Foster Finance Faculty Spotlight – Jordan Nickerson

Get to know Jordan Nickerson, Assistant Professor of Finance and Evert McCabe Endowed Fellow in Private Enterprise at the University of Washington’s Foster School of Business. He teaches the elective course titled Problems in Capital Investment Planning.

Jordan Nickerson Headshot


Please tell us a bit about your background. 

I’m a native son of Texas, raised in a small farming community outside of Dallas. Given that, it was only natural to go to the University of Texas. After getting my BS in mathematics I stayed in Texas, finishing my PhD in Finance five years later. I’d like to think that I have held on to some small-town qualities. I’m a big sports guy, and like to stay active (which since moving to the PNW has meant getting into things like hiking).


What excites you about your subject area and what are some of your research interests?

My research is pretty evenly split between two areas: credit ratings/structured finance products & household finance. If you’re not sure exactly what the first is, think of the movie ‘The Big Short’. The second is all about understanding how individuals make financial decisions (e.g., refinancing your mortgage). I chose these areas for two reasons. First, I think they have an ability to impact people’s lives. As an example, I’ve been asked to consult with government agencies given my research in structured finance products. Second, I want to do research that someone like my parents (who don’t have a formal background in finance) can relate to.


Which factors influenced your decision to join UW Foster? 

Far and away the biggest factor in choosing UW was the department’s research reputation (both in terms of research rankings, as well as general perception from the research community).


What do you find meaningful about your time thus far at Foster?

The thing that I’ve valued most from my time at UW is the sense of cohesion/community among the finance faculty. This was the biggest unknown prior to moving to UW, but one of the things I’ve appreciated most about the group.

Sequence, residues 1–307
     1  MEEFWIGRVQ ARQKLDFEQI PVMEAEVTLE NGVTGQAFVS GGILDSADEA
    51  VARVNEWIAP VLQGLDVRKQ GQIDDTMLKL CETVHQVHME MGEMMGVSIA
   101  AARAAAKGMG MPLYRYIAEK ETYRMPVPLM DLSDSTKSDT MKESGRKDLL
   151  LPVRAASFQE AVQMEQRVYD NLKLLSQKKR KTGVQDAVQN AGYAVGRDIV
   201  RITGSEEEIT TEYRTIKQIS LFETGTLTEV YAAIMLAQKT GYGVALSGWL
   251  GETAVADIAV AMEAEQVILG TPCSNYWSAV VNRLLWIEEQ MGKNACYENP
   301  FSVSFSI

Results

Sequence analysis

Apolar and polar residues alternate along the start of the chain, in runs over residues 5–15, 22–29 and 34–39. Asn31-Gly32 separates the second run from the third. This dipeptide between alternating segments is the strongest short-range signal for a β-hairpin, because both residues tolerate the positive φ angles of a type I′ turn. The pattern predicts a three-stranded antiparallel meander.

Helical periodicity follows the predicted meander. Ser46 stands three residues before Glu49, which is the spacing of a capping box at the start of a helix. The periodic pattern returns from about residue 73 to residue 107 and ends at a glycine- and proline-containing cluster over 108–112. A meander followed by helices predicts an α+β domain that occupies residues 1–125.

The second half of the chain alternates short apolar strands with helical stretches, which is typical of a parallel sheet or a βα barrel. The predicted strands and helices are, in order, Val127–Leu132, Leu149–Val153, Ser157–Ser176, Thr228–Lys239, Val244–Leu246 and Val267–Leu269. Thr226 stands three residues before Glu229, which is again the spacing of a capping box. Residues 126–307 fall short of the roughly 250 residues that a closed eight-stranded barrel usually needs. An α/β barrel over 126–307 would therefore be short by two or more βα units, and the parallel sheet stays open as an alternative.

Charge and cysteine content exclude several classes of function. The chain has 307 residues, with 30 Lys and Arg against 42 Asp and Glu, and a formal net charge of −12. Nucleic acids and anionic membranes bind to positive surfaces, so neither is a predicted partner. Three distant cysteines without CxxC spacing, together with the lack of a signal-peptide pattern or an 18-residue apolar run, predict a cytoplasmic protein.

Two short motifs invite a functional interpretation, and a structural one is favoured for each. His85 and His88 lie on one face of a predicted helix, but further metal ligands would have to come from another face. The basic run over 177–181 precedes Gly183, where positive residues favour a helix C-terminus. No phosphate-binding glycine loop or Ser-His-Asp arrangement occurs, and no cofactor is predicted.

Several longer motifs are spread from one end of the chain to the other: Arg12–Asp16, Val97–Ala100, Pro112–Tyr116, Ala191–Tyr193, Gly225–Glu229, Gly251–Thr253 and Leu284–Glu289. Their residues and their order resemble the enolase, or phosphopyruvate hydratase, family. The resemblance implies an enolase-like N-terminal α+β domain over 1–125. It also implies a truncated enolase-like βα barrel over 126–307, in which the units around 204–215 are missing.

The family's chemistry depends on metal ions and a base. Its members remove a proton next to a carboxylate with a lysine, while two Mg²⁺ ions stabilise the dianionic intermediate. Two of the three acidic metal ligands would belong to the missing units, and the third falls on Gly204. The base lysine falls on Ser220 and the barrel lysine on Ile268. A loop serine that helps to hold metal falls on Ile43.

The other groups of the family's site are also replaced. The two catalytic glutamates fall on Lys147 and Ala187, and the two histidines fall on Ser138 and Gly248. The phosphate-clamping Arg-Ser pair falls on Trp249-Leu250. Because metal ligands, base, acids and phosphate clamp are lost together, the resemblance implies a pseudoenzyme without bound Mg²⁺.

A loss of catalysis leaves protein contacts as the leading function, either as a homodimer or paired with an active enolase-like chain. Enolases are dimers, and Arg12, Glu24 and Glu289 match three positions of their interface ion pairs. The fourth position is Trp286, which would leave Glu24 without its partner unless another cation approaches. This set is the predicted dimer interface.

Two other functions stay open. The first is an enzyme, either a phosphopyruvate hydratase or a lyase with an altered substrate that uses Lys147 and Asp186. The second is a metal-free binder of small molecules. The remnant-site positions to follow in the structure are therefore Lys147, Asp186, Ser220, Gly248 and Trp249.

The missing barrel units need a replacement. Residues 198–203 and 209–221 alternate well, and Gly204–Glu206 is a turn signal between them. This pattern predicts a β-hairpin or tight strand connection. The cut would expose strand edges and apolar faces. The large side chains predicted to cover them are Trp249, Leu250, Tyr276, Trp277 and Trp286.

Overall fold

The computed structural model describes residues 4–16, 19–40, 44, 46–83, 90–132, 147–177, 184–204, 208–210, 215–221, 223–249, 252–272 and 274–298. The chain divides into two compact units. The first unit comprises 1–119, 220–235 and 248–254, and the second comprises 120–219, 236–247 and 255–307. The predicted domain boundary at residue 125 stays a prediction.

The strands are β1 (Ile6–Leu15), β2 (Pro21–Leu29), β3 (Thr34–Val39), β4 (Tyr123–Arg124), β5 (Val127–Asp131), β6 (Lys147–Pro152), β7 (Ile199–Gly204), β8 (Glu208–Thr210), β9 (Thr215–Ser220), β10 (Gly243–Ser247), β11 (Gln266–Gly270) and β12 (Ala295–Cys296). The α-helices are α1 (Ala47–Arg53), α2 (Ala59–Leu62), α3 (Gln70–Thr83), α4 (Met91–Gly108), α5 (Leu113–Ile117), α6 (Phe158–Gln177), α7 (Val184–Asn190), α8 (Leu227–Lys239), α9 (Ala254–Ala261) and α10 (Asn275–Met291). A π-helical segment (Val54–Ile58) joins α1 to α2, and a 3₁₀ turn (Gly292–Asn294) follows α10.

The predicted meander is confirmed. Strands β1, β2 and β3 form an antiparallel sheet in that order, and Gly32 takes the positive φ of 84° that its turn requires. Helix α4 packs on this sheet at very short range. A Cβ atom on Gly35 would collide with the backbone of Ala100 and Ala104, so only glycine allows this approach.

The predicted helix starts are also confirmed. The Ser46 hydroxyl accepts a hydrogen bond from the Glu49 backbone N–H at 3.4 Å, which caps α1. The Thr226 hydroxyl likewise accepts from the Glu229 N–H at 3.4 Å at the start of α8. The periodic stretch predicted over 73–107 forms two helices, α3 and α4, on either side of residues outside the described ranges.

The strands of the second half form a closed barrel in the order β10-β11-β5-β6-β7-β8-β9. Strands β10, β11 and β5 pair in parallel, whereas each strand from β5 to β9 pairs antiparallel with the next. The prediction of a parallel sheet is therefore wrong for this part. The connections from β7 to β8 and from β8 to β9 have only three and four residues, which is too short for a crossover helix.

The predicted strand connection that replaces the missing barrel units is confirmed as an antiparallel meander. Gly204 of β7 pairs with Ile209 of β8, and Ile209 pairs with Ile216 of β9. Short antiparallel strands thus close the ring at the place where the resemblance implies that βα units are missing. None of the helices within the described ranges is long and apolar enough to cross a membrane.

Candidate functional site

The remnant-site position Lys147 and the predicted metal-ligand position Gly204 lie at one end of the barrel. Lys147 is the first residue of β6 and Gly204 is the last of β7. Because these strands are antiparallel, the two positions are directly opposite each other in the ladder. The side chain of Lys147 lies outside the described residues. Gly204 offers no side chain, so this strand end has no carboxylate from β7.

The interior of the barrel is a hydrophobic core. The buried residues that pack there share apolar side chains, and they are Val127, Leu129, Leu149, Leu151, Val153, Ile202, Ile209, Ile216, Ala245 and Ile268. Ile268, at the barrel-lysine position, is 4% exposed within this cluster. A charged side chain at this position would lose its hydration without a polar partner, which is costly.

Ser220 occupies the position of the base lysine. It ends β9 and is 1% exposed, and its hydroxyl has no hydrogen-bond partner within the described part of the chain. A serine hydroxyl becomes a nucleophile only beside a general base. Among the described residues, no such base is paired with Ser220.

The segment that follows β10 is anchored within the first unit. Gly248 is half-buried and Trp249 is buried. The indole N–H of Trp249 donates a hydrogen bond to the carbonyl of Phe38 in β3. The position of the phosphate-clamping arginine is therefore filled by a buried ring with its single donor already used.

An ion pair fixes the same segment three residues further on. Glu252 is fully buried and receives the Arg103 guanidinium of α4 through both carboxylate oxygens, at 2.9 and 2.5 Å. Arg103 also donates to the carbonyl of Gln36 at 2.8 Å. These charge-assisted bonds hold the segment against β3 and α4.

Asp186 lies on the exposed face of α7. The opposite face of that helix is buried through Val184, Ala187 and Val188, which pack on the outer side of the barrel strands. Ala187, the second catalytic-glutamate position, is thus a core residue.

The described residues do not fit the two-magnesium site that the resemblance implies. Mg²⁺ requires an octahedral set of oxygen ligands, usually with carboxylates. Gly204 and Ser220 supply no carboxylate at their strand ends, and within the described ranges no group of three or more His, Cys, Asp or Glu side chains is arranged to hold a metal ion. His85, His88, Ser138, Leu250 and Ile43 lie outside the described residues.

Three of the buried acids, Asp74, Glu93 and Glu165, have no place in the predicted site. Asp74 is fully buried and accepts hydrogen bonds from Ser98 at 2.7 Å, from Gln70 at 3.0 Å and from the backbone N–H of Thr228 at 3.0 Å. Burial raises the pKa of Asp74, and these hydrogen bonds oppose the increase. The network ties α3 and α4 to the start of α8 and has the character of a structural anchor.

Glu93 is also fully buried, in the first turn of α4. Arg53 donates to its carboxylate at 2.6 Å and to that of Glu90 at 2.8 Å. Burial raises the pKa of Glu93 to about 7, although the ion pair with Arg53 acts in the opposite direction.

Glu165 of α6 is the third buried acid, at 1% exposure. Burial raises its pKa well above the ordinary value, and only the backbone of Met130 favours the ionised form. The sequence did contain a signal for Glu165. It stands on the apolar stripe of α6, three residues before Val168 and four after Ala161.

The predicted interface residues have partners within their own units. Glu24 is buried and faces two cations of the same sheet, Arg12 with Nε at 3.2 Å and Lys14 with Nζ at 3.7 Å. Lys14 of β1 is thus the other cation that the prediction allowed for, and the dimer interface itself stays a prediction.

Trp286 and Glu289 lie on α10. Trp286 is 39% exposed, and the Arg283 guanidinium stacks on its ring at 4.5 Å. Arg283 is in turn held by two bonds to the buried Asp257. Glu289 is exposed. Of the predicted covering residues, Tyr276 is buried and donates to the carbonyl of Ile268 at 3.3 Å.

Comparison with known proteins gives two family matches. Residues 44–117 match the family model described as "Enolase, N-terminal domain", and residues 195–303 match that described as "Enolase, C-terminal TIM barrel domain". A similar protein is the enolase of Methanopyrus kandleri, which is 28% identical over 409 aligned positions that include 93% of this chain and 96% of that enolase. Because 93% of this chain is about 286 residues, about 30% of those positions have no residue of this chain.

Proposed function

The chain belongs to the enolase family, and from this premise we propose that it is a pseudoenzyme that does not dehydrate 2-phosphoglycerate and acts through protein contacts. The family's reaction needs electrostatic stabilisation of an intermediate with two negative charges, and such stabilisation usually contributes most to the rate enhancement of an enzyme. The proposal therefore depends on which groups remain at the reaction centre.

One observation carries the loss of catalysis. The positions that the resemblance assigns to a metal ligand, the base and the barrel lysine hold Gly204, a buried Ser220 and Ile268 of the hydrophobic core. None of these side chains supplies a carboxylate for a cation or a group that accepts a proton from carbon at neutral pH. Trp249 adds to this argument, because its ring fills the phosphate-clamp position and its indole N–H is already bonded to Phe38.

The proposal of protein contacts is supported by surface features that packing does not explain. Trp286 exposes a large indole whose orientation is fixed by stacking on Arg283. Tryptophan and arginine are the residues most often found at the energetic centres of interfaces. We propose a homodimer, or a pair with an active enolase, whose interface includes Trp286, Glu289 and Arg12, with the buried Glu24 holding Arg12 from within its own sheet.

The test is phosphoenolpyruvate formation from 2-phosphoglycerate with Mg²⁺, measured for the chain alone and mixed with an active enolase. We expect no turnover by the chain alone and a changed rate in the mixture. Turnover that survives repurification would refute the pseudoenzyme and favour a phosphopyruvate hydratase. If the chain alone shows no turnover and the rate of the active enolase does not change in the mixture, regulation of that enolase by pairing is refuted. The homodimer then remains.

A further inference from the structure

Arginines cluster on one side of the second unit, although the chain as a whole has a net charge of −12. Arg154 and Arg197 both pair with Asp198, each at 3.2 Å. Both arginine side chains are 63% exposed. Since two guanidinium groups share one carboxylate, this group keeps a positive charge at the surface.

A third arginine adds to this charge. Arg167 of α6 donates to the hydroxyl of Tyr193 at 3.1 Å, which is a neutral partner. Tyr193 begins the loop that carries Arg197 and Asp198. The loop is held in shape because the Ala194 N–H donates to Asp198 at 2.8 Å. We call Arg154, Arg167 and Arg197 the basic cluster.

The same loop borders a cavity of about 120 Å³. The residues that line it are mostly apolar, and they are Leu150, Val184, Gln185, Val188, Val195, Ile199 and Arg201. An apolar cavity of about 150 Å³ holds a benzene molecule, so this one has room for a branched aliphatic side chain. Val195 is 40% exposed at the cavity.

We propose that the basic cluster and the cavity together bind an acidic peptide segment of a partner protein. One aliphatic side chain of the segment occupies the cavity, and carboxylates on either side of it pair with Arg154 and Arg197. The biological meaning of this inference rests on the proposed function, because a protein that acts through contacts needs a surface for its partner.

How have you worked to make your classroom/course curriculum inclusive?

While the course content is quite broad, I have more control over the classroom. I want to hear from all students when it comes to class discussion, regardless of background, views, etc.

Classroom action shot


How is your teaching influenced by instructional best practices?

I’ve been fortunate to have some incredible instructional teachers as colleagues in the past, and have constantly strived to incorporate small aspects of their approach into my teaching philosophy. I take the view that my class should be an ever-evolving entity, constantly being tweaked in response to student feedback.


How do you maximize learning and keep students engaged?

IMO, this is the most challenging aspect of teaching. Student engagement and learning don’t always go hand in hand. Ultimately, I’ve settled on a class that is a healthy mix of lecture and case discussions.


Are you currently doing work outside of Foster that influences what happens in the classroom?

While I’m currently engaged in outside activities that are helping shape policy, they tend to be more specialized/focused relative to what gets covered in my corporate finance class.


How will students apply the knowledge and skills they gain in your classroom in their careers?

My goal isn’t for students to come away from my class with a set of excel templates. Instead, I want students to come away with a new lens through which they can view corporate finance decisions. If they can do that, they’ll be able to 1) understand all the moving parts of any spreadsheet they run across in their career, but more importantly 2) be able to improvise and capture the first order drivers of value if tasked to evaluate something totally out of their wheelhouse.


What advice do you have for students to ace your course?

My class is an upper division elective, meaning it builds on previous material. Don’t be afraid to raise your hand if there is something that you’ve forgotten since the intro class. That, and participate in the class discussions.